The Saga Rebellion, 1874
This was indeed a change in behaviour as the Koreans had regularly sent emissaries to Japan’s capital during the Edo period (1603 – 1868) to offer their respects to each Tokugawa Shogun.
Letting this snub stand was unacceptable to the Samurai. Saigō Takamori proposed a military force be dispatched to the Korean peninsular but this was rejected due to the perceived weakness of its new army and the potential that war would bankrupt the nation.
For the former Samurai looking to be employed in this endeavour, there was now little hope of the once-mighty warrior class ever regaining any significant influence or that the government would reinstate their lost privileges.
Shimpei used his time in Saga to rouse up thousands of like-minded folk via his political party, the Aikoku Kōtō. The groups three main aims:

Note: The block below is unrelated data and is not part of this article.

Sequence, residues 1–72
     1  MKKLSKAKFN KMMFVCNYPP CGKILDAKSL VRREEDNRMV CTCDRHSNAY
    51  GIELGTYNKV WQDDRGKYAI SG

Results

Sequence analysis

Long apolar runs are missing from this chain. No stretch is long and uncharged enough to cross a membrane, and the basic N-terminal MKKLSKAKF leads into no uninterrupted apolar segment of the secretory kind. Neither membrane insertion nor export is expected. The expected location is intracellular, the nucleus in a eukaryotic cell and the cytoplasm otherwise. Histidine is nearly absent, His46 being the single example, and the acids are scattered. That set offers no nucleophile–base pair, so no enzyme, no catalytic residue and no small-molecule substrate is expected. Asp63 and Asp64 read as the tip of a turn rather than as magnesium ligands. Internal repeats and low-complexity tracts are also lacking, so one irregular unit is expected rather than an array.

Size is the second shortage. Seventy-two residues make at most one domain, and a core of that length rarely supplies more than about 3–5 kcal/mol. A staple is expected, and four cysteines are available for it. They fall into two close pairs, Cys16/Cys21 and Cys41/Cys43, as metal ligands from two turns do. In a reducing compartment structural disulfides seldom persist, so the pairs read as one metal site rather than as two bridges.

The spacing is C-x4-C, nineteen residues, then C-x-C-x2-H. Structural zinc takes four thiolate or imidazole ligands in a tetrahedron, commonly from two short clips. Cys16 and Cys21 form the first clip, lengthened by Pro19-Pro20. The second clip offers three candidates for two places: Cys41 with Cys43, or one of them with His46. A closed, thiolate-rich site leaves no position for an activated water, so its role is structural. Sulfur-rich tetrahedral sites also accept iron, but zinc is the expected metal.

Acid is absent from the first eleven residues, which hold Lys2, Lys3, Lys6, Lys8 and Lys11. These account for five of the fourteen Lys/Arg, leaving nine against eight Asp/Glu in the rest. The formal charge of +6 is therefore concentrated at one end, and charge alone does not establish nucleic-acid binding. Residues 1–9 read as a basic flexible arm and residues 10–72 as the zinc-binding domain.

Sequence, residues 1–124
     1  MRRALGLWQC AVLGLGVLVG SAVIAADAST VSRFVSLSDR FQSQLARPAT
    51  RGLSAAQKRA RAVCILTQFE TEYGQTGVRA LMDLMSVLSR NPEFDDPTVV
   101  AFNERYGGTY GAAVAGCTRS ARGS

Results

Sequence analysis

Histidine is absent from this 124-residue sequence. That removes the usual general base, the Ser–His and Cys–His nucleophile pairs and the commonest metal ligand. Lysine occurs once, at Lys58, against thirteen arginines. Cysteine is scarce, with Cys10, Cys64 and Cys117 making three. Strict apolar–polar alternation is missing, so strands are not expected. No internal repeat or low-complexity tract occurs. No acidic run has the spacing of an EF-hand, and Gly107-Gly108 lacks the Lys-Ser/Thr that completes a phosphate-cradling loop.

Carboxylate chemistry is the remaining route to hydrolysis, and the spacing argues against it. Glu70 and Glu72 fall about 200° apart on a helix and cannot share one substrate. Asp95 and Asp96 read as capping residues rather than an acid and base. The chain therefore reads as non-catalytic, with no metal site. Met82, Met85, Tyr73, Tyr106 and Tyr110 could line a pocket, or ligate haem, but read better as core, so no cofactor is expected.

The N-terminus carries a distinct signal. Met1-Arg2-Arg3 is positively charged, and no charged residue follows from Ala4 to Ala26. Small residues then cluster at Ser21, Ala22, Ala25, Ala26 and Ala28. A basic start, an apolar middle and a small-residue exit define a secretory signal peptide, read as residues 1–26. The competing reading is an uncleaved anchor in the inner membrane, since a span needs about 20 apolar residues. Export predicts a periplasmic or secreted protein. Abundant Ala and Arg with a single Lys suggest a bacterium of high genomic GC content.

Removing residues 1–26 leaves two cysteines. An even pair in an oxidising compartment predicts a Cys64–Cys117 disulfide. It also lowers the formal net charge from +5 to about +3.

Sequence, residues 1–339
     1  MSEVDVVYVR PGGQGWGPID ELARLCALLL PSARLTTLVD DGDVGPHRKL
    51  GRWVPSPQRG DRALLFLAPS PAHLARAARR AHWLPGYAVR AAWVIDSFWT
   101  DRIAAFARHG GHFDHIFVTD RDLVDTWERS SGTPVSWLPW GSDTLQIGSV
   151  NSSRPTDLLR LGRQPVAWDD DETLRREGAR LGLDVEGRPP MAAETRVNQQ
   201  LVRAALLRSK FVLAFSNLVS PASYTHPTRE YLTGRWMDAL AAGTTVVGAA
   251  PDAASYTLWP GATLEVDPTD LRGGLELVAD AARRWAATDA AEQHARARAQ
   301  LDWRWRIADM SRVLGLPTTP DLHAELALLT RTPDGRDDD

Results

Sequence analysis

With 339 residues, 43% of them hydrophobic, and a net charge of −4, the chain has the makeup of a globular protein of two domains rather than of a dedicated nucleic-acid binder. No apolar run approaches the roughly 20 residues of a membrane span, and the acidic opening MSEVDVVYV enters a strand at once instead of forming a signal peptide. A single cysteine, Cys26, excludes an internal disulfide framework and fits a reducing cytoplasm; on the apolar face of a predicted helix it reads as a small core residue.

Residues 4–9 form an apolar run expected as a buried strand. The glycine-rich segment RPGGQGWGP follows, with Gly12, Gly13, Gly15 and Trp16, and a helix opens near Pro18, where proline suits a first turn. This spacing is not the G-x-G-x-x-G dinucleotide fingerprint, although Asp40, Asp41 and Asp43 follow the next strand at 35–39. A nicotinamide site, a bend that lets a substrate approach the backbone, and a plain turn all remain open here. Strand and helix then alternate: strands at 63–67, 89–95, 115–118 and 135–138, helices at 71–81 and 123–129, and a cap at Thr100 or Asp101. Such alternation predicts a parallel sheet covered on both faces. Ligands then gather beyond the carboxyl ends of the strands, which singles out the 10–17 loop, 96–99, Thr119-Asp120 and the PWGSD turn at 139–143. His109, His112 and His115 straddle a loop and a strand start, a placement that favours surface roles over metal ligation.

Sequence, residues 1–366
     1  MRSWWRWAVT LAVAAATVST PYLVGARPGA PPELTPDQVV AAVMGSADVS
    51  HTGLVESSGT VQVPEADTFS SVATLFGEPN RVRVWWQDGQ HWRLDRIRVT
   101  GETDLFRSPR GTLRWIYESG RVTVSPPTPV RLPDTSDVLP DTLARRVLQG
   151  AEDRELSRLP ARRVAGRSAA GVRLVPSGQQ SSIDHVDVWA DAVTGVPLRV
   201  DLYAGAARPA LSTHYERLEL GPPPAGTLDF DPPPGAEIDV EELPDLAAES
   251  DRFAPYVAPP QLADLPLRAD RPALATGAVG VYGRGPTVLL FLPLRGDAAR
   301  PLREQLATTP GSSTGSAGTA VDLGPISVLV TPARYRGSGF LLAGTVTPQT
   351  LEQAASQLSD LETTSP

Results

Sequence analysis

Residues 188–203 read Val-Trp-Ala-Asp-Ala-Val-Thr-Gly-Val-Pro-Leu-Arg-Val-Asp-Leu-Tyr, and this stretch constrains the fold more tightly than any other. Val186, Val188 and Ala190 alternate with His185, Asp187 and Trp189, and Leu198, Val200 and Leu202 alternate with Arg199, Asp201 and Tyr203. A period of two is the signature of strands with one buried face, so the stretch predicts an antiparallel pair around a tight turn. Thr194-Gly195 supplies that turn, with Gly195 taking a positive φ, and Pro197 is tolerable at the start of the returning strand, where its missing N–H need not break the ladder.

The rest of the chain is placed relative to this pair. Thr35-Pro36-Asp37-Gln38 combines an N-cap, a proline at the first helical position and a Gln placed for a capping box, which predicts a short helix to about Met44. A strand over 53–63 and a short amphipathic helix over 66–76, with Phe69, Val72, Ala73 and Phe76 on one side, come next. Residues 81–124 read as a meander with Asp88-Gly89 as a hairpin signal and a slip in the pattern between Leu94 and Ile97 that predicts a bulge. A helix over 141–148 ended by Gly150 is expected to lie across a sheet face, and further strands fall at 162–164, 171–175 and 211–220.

- War with Korea
- Reinstatement of the Daimyō
- Expulsion of foreigners
On February 16th, 1874 launched an attack on Saga castle. He and his army of 3,000 were successful, though this success would prove to be short-lived. By the 1st of March, the castle was back in imperial hands, but Shimpei wasn’t to be found. He had headed south to Kagoshima hoping they too would rise up.
They didn’t, and Shimpei was soon captured. On March 18th, 1874, Shimpei’s head and those of 11 co-conspirators were separated from their bodies, the gruesome photographs of which ended up circulating on the streets of Tōkyō.